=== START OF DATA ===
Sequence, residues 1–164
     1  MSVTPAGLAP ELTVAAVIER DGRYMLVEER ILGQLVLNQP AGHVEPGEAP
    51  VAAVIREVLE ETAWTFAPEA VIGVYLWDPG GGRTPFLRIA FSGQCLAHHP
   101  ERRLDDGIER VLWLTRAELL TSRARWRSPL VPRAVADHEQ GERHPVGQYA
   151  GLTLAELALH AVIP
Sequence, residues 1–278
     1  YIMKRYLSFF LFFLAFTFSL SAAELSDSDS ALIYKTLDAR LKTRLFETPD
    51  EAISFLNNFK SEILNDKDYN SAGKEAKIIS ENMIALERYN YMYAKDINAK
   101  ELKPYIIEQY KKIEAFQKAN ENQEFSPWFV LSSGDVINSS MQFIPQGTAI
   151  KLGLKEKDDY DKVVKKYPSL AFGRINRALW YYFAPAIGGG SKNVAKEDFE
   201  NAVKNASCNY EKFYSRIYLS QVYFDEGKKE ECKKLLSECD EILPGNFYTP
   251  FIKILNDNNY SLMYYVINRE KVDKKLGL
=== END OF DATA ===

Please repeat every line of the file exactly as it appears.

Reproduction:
Sequence, residues 1–164
     1  MSVTPAGLAP ELTVAAVIER DGRYMLVEER ILGQLVLNQP AGHVEPGEAP
    51  VAAVIREVLE ETAWTFAPEA VIGVYLWDPG GGRTPFLRIA FSGQCLAHHP
   101  ERRLDDGIER VLWLTRAELL TSRARWRSPL VPRAVADHEQ GERHPVGQYA
   151  GLTLAELALH AVIP
Sequence, residues 1–278
     1  YIMKRYLSFF LFFLAFTFSL SAAELSDSDS ALIYKTLDAR LKTRLFETPD
    51  EAISFLNNFK SEILNDKDYN SAGKEAKIIS ENMIALERYN YMYAKDINAK
   101  ELKPYIIEQY KKIEAFQKAN ENQEFSPWFV LSSGDVINSS MQFIPQGTAI
   151  KLGLKEKDDY DKVVKKYPSL AFGRINRALW YYFAPAIGGG SKNVAKEDFE
   201  NAVKNASCNY EKFYSRIYLS QVYFDEGKKE ECKKLLSECD EILPGNFYTP
   251  FIKILNDNNY SLMYYVINRE KVDKKLGL